The Red Tories’ only apparent chance since their failure to yell Corbyn into resigning on Monday has been more blind hope; they hoped to find a way of interpreting the rules so that Corbyn could be barred from standing in a leadership contest. With fewer than fifty MP’s backing him, they hoped they could argue that he did not have enough support to be nominated. But he does not need to be nominated; that rule quite explicitly applies only to challengers, not to the incumbent. The idea of the leader being nominated would make no sense on various levels; if Corbyn is being challenged for the leadership, by definition he has to be given an opportunity to meet that challenge, with or without nominations. Otherwise he is not being challenged but usurped, ergo the challenge cannot proceed. Indeed, his election to the leadership itself is his nomination, in a sense, and if he is no longer wanted, he will simply be voted out anyway.

Of course that is not going to happen, because Corbyn is still wanted by the great majority of Labour members nationwide. It is therefore right that Corbyn should stand. Corbyn will stand. And he will win. All signs are that his support in the Labour Party nationwide is, if anything, even greater than it was in September last year. The ten biggest Trade Unions in the country have all reaffirmed their support for Corbyn, which may even be enough to give him an unassailable lead even before the wider membership have their say.

Angela Eagle seems poised to be the ‘sacrificial lamb’ who will be sent to challenge Corbyn, but that is another self-destructive move; not only is she almost certain to lose to Corbyn, but she could also be put in danger of losing her seat in Parliament. This is because  her own constituency party has come out very publicly in support of Corbyn, explicitly protesting against the coup. It seems that, if Diane Abbott’s insights are the truth, this pattern of MP vs. constituents could have been replicated in Labour seats up and down the country, had the coup not been carried out with such indecent haste that there was no time allowed for discussion.

This speaks of the superiority complex of ‘Blue Labour’, the contempt in which it holds the public. It therefore also speaks of exactly why Tony Blair’s vision of the Labour Party has to die. Its refusal to respect the right of the party’s grassroots to be heard will be mirrored in the wider public, and that constitutes a threat to democracy. Blairism will die too if the Red Tories continue on their present course, for if the constituency parties are alienated from their own candidates, the basic foundation of an MP’s election-to-Parliament will crumble.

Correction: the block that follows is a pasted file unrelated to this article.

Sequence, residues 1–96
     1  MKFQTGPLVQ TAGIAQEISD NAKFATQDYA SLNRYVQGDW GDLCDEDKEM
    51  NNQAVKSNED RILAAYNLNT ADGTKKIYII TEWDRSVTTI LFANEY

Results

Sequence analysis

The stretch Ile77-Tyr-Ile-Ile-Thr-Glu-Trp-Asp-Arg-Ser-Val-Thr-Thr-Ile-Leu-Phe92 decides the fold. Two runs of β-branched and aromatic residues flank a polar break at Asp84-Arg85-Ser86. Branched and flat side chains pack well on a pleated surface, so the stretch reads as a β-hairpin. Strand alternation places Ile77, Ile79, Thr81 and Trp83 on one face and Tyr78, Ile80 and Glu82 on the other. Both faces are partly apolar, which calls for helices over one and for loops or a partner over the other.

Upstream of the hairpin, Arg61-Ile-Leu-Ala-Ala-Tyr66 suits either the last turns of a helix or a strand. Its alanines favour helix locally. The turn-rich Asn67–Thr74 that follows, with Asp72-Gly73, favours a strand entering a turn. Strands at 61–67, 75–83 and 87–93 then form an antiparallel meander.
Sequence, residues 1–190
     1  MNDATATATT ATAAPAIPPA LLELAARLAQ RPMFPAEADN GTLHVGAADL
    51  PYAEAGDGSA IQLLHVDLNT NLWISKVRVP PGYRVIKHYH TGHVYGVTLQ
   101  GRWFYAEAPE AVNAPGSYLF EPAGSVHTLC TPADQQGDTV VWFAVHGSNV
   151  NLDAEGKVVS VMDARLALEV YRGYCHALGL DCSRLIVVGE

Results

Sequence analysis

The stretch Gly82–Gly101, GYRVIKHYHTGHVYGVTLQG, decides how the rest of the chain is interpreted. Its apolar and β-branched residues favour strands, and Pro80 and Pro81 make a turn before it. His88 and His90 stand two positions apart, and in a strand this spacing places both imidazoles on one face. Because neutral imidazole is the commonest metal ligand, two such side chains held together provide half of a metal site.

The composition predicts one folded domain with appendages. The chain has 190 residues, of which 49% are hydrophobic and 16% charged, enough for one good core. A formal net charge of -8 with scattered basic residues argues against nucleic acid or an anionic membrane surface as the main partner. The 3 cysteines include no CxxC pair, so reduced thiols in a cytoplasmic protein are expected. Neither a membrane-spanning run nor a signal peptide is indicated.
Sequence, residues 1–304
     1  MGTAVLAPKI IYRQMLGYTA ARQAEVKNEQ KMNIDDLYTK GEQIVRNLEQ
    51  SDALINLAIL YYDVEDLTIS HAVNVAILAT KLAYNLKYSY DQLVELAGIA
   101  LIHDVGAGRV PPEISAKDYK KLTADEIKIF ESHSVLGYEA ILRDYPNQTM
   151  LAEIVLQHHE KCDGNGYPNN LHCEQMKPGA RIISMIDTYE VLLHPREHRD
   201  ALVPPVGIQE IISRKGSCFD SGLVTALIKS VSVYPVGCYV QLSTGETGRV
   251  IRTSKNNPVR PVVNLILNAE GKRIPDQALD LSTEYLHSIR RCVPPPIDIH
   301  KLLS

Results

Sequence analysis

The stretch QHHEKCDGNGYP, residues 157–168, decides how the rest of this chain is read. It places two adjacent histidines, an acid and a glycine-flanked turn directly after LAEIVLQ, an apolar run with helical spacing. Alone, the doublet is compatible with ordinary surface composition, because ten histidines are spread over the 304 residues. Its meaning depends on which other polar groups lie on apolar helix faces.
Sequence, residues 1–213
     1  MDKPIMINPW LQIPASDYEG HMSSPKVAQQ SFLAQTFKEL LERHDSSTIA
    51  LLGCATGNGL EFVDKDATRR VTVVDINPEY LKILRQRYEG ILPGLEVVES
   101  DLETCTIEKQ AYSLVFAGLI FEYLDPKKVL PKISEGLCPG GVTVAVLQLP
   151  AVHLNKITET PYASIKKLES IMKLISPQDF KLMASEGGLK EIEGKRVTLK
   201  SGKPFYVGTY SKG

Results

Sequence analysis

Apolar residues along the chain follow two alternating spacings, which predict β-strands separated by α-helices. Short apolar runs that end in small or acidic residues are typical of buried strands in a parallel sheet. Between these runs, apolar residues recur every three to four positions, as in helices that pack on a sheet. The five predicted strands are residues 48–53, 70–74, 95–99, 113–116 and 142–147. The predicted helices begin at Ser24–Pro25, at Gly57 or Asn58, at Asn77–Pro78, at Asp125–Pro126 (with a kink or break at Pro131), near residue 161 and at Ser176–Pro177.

There is no way out now. The Parliamentary Labour Party has trapped itself by its refusal to respect its leader’s mandate, and its unwillingness to give him a genuine, fully-supported chance to prove himself. Even Ed Miliband got more of a chance than Corbyn, and most of the party regarded Miliband with professional contempt. They have now presented Corbyn potentially with the authority to purge the party of the neoliberal elite, and to restructure the party so that its MP’s can no longer trigger leadership contests without the approval of the grassroots. The party will probably split into two once more, like it did in the early-1980’s.

 

What that means for the future is not necessarily the return of a genuine left-wing Government; the breakaway of the Social Democratic Party in 1981 not only split the Labour Party but also split its support, and there is bound to be at least some measure of lost support during the split ahead. The hope is that the rapid groundswell of support Corbyn has drawn can offset that, if it continues to grow, while the Conservative Party are dragged backwards by the equal chaos in their own ranks – a chaos that was not duplicated in the 1980’s. Also, future generations of Labour MPs will doubtless include once more many from the political ‘centre’, or from even further right. Yes, they will have to be watched closely to make sure they do not resurrect the parasite of ‘watered-down Toryism’.

But for now, the back of the current incarnation of ‘watered-down Toryism’ has been broken. With the Chilcot Report just days away, and likely to associate the Blairite philosophy permanently with the spectre of war crimes, the whole brand of neoliberalism-with-a-queasier-conscience will be irredeemably tarnished, as will all current politicians who subscribe to it.

I may regret making this prediction, but I shall say it anyway. New Labour is finished.

See also Think Left: What the Labour Leadership didn’t want us to know

Call for Mandatory Reselection of Labour MPs

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It is not acceptable for a small group of elected MPs to hold the Labour movement to ransom. We are greater than that. Millions of people have supported Jeremy Corbyn as leader of the Labour Party and he was elected with a massive mandate.